Second Reading Speechby the Minister assisting the Treasurer, the Hon. Ian Macphee, M.P.
The major purpose of this Bill is to give effect to the proposal announced in the Budget Speech to provide some relief from Australian tax in respect of certain income which Australian residents earn from their personal services rendered overseas.
Other proposals included in the Bill are the removal of the termination date for deductibility of gifts in accordance with the taxation incentives for the arts scheme and the extension of the scheme to cover gifts to Artbank. There are to be increases in the monetary limits that govern the way in which applications for relief from payment of income tax in cases of hardship are handled. Yet another feature is an amendment to make it clear that it is mandatory for the Commissioner of Taxation to allow credit to an employee for tax instalment deductions where the employer has failed to issue a group certificate or a tax stamps sheet.
The purpose of this initiative by the Government is to enhance the ability of Australian consultants and contractors to obtain a greater share of the growing market overseas for consultancy and contracting services.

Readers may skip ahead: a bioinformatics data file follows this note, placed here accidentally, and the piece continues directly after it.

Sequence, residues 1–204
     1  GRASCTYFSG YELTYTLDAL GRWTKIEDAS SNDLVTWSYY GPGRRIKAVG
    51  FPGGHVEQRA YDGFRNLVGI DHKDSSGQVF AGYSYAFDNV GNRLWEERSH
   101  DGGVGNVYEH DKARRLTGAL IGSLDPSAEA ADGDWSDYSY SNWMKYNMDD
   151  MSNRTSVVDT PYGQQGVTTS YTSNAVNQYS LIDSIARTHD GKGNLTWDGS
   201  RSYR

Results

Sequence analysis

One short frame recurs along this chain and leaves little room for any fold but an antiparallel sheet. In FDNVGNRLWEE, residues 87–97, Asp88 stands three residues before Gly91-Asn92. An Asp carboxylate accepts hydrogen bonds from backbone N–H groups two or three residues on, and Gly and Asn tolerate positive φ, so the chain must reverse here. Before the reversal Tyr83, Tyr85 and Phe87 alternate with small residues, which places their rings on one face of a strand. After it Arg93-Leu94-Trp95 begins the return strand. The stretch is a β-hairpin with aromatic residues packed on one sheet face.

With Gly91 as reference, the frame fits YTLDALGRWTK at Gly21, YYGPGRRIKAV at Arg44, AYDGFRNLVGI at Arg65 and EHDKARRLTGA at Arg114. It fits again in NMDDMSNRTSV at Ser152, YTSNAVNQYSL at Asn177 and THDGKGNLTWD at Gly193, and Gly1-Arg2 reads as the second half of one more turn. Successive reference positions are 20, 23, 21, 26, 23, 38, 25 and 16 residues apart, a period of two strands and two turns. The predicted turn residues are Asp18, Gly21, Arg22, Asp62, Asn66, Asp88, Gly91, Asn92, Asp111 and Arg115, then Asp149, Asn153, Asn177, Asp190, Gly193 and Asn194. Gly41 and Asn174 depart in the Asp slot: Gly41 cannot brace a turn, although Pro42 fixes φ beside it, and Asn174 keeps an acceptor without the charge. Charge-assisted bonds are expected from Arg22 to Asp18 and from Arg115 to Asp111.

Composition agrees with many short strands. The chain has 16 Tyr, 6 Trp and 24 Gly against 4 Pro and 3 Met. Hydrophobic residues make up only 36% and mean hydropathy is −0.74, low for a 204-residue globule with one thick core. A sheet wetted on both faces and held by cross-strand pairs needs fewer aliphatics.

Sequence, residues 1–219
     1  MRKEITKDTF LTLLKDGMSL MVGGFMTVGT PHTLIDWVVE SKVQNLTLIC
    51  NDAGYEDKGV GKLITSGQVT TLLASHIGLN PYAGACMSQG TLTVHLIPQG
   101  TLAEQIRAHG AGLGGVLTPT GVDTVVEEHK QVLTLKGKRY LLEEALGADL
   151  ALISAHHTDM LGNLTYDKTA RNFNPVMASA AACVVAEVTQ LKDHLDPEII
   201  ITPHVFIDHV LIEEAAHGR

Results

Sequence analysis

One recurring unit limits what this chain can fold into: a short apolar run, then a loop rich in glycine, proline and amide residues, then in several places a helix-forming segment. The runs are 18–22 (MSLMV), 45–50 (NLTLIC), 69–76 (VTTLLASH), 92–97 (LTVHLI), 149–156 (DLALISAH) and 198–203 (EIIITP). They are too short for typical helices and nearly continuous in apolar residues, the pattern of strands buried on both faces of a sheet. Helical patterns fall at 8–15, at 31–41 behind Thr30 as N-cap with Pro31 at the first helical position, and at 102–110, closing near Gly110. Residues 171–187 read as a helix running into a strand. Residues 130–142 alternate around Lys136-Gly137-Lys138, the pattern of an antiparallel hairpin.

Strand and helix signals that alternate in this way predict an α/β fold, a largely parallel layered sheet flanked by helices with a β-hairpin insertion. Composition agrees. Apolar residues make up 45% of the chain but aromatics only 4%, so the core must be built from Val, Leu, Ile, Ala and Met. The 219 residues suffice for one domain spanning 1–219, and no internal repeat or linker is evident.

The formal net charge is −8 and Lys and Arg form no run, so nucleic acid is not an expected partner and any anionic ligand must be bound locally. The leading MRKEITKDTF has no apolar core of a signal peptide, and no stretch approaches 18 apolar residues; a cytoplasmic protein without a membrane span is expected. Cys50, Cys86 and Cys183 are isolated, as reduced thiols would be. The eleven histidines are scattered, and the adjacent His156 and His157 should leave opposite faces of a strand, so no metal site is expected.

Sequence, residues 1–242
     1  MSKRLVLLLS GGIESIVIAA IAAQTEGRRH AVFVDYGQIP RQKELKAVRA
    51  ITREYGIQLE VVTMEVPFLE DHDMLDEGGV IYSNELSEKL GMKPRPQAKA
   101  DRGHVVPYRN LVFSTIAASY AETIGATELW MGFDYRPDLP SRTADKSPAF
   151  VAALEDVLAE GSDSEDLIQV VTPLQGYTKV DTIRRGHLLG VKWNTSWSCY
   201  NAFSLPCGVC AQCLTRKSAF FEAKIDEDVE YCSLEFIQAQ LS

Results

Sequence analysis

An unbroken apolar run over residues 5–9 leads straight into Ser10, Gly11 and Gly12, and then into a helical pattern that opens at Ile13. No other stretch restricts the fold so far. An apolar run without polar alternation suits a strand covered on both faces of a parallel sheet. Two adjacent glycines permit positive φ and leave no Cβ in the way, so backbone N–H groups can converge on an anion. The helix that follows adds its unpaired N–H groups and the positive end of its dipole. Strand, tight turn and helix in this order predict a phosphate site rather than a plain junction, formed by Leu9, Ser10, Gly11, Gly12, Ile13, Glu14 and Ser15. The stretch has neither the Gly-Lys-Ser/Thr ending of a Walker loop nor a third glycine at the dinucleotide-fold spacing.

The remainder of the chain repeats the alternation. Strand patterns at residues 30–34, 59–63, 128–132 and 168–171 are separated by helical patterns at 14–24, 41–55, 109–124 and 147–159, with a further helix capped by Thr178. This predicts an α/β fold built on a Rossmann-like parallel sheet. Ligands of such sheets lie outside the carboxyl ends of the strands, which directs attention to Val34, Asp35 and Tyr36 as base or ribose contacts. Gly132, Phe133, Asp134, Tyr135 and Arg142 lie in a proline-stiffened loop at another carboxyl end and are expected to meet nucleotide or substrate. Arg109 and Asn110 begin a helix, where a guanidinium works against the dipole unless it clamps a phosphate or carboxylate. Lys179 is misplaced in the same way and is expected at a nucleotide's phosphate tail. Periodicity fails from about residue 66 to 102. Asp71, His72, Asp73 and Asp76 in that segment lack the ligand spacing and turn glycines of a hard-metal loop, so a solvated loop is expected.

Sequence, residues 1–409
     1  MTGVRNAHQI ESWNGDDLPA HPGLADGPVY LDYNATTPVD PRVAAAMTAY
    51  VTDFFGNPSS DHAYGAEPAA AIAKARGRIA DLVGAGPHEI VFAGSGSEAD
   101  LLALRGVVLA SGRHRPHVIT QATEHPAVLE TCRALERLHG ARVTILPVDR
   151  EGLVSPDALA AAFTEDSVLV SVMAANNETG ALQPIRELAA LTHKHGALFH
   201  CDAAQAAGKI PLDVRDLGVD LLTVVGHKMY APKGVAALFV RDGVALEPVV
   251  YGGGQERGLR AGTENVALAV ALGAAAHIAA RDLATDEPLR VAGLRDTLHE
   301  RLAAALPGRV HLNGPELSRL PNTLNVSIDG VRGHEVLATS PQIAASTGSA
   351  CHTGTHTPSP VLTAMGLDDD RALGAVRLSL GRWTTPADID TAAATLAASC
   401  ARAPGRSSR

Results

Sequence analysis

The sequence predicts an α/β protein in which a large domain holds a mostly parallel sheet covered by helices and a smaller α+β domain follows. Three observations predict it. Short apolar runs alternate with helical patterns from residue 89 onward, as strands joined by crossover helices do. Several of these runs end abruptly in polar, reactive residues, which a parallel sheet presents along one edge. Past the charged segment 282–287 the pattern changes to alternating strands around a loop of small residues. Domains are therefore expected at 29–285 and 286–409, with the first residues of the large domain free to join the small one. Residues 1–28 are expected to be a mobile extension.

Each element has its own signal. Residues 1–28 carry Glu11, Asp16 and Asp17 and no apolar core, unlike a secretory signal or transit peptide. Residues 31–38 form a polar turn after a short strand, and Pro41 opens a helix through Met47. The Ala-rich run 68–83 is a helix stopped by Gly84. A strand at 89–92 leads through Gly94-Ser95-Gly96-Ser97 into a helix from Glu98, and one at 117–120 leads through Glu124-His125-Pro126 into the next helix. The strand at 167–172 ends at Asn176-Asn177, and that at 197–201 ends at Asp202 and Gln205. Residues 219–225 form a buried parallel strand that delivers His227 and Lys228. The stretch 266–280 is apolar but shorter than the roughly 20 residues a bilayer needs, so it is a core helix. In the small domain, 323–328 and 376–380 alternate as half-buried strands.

Until now, Australian firms have had to cost their tenders for overseas projects on the basis that the earnings of Australians performing services for them were subject to tax in Australia at normal rates if the overseas country did not tax them. Competitor firms from a number of other countries have, on the other hand, been able to cost their tenders on the basis that they will be able to pay their employees at lower rates because the employees' earnings have been wholly or partly free of tax in their home country.
The tax exemption proposed in this Bill will allow Australian firms to reduce their costs while maintaining the after-tax value of remuneration paid to persons working on overseas projects.
Total or partial exemption will be available to Australian resident individuals performing personal services overseas for a continuous period of three months or more on an overseas development, construction, or other eligible project that has been approved by the Minister for Trade and Resources on the basis that it is in Australia's national interest.
One of the conditions for exemption is that the services be performed for an Australian resident, the Commonwealth, a State or Territory or for the government of the country where the project is located. Services under contract with certain international organizations such as the World Bank may also qualify.
Full exemption of remuneration derived by a person from qualifying services will be available where those services are performed on a single approved project for a continuous period of 12 months or more.